I will be shooting a brief clip at a small radio station on mini-Dv
on Thursday for my no-budget doc.
The engineer has suggested that I can grab sound for my Canon XL1 from the stereo 1/4" headphone output on his board.
Is this a line out source? I have the MA-100 on the Canon.
Should I use an XLR balanced cable adapted on either end for the RCA inputs on the camera and avoid using the MA-100?
Any suggestions would be greatly appreciated.
Jim Sofranko writes:
>The engineer has suggested that I can grab sound for my Canon XL1 >from the stereo 1/4" headphone output on his board. Is this a line out >source?
Not exactly, but it has a lower impedance than your audio input does, so it should work fine. It also has the advantage of being adjustable, so you don't overload the camera's audio inputs.
You can go directly from this headphone output into the RCA inputs on the XL1, using an appropriate cable.
Set your audio input levels on the camera to about 60%, and then adjust the board's headphone volume to give you the right level on the camera's VU meter.
If you get a buzz or hum in your audio, try grounding the chassis of the camera to the outer surface of the RCA jacks -- they may or may not be electrically connected as-is. Another option would be to run the camera on batteries to remove the power supply as a potential source of hum.
The radio engineer may also be able to help you troubleshoot if necessary. (Unfortunately, the licensing of radio board operators is a thing of the past, so don't count on the "engineer" necessarily having any actual technical knowledge.)
Will all your sound be coming from this board, or will you also be miking the room separately?
Marin County, CA
Jim Sofranko wrote:
>I will be shooting a brief clip at a small radio station on mini-Dv on >Thursday for my no-budget doc. The engineer has suggested that I can >grab sound for my Canon XL1 from the stereo 1/4" headphone output >on his board.
Well, you might not want to get tied into the board unless all you want is program sound. Instead, call and ask if the station has a DAT recorder -- even a CD recorder -- anything digital. Have them record it to that, while you shoot conventionally and untethered.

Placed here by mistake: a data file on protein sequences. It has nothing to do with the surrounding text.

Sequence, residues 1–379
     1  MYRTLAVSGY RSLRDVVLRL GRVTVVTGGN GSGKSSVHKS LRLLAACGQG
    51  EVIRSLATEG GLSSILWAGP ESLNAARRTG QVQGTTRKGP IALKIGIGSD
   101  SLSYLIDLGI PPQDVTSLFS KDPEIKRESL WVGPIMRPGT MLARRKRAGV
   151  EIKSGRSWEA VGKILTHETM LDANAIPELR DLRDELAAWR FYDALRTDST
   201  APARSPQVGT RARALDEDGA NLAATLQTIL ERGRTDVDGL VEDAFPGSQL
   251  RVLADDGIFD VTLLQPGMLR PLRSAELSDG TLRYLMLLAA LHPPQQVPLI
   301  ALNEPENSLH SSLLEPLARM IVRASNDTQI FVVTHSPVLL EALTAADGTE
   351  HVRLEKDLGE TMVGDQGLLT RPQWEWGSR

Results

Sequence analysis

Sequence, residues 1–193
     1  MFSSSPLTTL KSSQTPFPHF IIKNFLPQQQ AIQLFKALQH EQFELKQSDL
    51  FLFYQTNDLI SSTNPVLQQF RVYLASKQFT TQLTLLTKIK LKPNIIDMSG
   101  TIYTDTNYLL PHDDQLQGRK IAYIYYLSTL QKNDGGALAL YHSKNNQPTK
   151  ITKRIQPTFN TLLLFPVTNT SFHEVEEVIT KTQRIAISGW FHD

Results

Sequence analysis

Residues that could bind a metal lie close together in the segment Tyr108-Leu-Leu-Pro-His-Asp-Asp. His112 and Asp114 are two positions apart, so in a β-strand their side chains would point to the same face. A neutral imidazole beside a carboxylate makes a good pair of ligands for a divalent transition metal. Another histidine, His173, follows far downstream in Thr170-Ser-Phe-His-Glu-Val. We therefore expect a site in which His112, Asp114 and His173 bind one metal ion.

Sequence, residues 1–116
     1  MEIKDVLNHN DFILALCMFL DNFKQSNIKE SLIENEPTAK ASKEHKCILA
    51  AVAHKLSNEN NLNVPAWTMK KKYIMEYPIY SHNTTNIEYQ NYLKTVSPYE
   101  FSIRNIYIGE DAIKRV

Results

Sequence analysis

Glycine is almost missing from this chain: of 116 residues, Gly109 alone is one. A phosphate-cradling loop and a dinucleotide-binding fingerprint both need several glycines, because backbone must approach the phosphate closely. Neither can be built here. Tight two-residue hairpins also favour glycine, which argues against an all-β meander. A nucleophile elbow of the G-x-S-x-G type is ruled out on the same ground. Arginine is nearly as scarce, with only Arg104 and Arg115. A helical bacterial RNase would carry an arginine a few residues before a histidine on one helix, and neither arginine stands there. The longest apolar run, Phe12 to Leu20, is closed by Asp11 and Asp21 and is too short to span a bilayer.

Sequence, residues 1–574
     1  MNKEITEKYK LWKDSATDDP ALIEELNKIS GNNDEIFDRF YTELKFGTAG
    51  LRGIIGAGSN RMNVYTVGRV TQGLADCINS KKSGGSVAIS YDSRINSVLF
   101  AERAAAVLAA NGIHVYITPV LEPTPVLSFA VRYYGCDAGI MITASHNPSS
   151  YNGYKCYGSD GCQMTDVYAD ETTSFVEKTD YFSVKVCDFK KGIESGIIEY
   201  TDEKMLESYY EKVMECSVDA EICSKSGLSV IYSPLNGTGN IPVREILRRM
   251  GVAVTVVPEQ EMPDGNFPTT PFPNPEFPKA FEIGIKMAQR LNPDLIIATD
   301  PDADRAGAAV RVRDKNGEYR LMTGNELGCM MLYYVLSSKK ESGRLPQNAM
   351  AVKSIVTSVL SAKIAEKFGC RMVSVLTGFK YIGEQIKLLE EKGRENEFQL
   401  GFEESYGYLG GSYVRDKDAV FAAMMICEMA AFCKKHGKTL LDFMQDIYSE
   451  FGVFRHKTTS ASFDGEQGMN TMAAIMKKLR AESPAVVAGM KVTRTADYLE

It will be easy to sync up. I did this once with a minidisc recorder and sync held for about 40 minutes before I had to slide it one frame. No need to slate, even, as you have a reference track on the DV audio.
Then again, if you just want the radio station sound, disregard the above advice.
Jeff "best for long takes, so you don't have to keep resyncing" Kreines
>You can go directly from this headphone output into the RCA inputs on >the XL1, using an appropriate cable.
--- Pray that the engineer doesn't "get a wild hair" and press one of the solo buttons on a particular channel during the shoot.
freelance editor, camera operator
>sound for my Canon XL1 from the stereo 1/4" headphone output on his >board. Is this a line out source?...
I'd probably use a 1/4"-mini stereo headphone plug adapter, then a stereo miniplug-to-dual-RCA adapter cable (as supplied with many portable CD players and readily available in the aftermarket), and plug straight into the Line 1 RCAs on the back of the camera, bypassing the MA-100.
If it's more than a few feet between the board and your camera, you might instead go 1/4" to dual XLRs via whatever adapters you have handy, then run XLRs to the MA-100 for the added robustness and hum immunity, but if you're close in I prefer the simpler route with fewer connections to go wrong.
There *should* be no problem coming from the headphone jack from a decent board (but don't try it from 'most any camcorder; camcorder phone amps are crap). Start with the board's 'phones volume potted down and slowly raise it, with camera record levels set at 1/4. If you get the board volume above 1/4, raise both board and recording pots in unison : ideally, you'll get good levels with both sets of controls at midpoint, but in general strive for comparable gains on both sets of controls.
Once you've got a board level that works, gaffer-tape the volume control in place (with the operator's permission, of course)! That will reduce the chances of an inadvertent change in the middle of your shot.
My 2 cents and worth every penny,
Adam Wilt / Video Geek / Menlo Park CA USA